Smoke Gets in Your Eyes (I’m hoping)


As vinegar to the teeth and smoke to the eyes, so is a sluggard to those who send him. (Proverbs 10:26)

Once, when I was about seven years old, I awoke early and went to the kitchen where I found a glass of what looked like apple juice. Without hesitation I picked up the glass and began chugging the unexpected delight. Unfortunately, it was not apple juice, but vinegar. For whatever reason, my mom had left it on the counter the night before, and I had downed a huge swallow before the horrible discovery hit me like a mouthful of diesel. Never again have I imbibed mystery food products. I read labels very carefully.

Such is the imprint of the sluggard, says the Bible’s wisdomeister. The sluggard is a hit of pure puke-inducing cuisine, an eye irritating fog of sloth that blights the landscape. The lazy bum is a negative number, a vacuum sucking at the marrow of health, wealth, and neighborhood beautification. Of the seven deadly sins, sloth is the most repulsive. Give me a Charles Manson over a Louisville sluggard any day.

A sluggard is somebody who doesn’t want to put out an effort for anything, even if he directly benefits from the effort. As another proverb says, “the sluggard buries his hand in the dish; he will not even bring it back to his mouth.” The sluggard is a do-nothing, good-for-nothing. He’s a laggard and a loafer. He’s a shirker, a slacker, and a slouch. He’s an embarrassment to productive society and a spear in the side of responsible religious folk who earn their salvation with hard work like they’re supposed to.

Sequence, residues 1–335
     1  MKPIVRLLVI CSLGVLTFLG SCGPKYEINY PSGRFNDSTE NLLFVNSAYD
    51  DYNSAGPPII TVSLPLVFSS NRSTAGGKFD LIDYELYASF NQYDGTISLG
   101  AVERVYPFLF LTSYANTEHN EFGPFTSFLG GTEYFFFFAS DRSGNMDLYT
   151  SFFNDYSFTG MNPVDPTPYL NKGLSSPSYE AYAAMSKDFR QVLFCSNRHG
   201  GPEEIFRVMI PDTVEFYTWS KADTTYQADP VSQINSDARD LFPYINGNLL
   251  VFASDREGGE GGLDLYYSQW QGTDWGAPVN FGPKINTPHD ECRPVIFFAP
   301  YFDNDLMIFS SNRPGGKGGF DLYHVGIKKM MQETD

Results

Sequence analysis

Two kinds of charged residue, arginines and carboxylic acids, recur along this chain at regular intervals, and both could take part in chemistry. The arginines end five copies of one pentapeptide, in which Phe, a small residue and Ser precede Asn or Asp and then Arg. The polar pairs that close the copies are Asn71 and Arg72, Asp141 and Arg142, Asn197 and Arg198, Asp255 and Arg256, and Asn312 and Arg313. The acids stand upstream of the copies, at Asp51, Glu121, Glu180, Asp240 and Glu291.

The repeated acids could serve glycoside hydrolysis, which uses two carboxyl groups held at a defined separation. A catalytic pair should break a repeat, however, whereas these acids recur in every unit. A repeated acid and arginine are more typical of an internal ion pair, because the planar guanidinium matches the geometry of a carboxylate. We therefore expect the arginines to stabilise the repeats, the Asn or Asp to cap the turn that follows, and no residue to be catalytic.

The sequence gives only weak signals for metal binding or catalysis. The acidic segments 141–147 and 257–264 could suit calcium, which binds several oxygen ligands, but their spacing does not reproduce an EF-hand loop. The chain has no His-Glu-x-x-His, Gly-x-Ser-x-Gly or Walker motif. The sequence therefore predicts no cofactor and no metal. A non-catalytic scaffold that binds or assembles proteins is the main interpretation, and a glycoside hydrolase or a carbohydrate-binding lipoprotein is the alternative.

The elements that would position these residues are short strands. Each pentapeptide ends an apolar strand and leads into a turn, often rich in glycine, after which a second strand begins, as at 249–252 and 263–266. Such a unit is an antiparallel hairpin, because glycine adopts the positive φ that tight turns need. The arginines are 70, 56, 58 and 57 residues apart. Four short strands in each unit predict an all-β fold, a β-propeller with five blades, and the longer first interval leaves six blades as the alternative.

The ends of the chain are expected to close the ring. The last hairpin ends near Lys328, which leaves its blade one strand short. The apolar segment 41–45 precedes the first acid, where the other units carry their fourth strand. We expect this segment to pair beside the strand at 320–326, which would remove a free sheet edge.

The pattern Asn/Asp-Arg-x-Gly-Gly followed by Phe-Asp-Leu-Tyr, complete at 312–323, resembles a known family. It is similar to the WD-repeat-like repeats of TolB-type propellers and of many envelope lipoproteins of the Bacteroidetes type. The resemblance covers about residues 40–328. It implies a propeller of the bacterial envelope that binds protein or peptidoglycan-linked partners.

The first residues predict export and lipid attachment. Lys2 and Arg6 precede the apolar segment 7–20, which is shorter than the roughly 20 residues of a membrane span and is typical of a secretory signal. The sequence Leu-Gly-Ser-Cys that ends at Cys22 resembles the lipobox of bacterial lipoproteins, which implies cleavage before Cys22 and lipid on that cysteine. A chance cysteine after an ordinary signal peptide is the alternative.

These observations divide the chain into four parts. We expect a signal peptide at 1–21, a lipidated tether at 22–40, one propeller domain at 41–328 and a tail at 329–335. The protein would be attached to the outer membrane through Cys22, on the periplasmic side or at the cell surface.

I do want to draw the distinction, however, between a Biblical sluggard and a spiritual man of letters like me. At first glance, the apparent lack of meaningful pursuits and the apparent absence of useful activity may lead the uninitiated to mistake one for the other. Nothing could be farther from the truth, or further either. The sluggard actually does nothing; the spiritual man of letters only seems like he’s doing nothing. The slothful person produces little fruit of any kind; the spiritual man of letters produces a great deal of fruit which, unfortunately, is mostly invisible—but, I hasten to point out, is not the less fruit because nobody sees it. The sluggard is a repulsive leech who saps the strength of the community by sucking its vital juices; the spiritual man of letters, by contrast, depends upon the understanding and generous patronage of the financial elite who recognize his high priestly calling and support him with monthly checks. The sluggard is a mindless surfer of pipe dreams; the spiritual man of letters is a fully engaged contemplative of truth. A sluggard is a pain to be around; however, hanging out with a spiritual man of letters is a great privilege.

With this important qualification, I share the Biblical revulsion for the slothful person, if only because the sluggard makes it hard for people to recognize and appreciate my own noble vocation.


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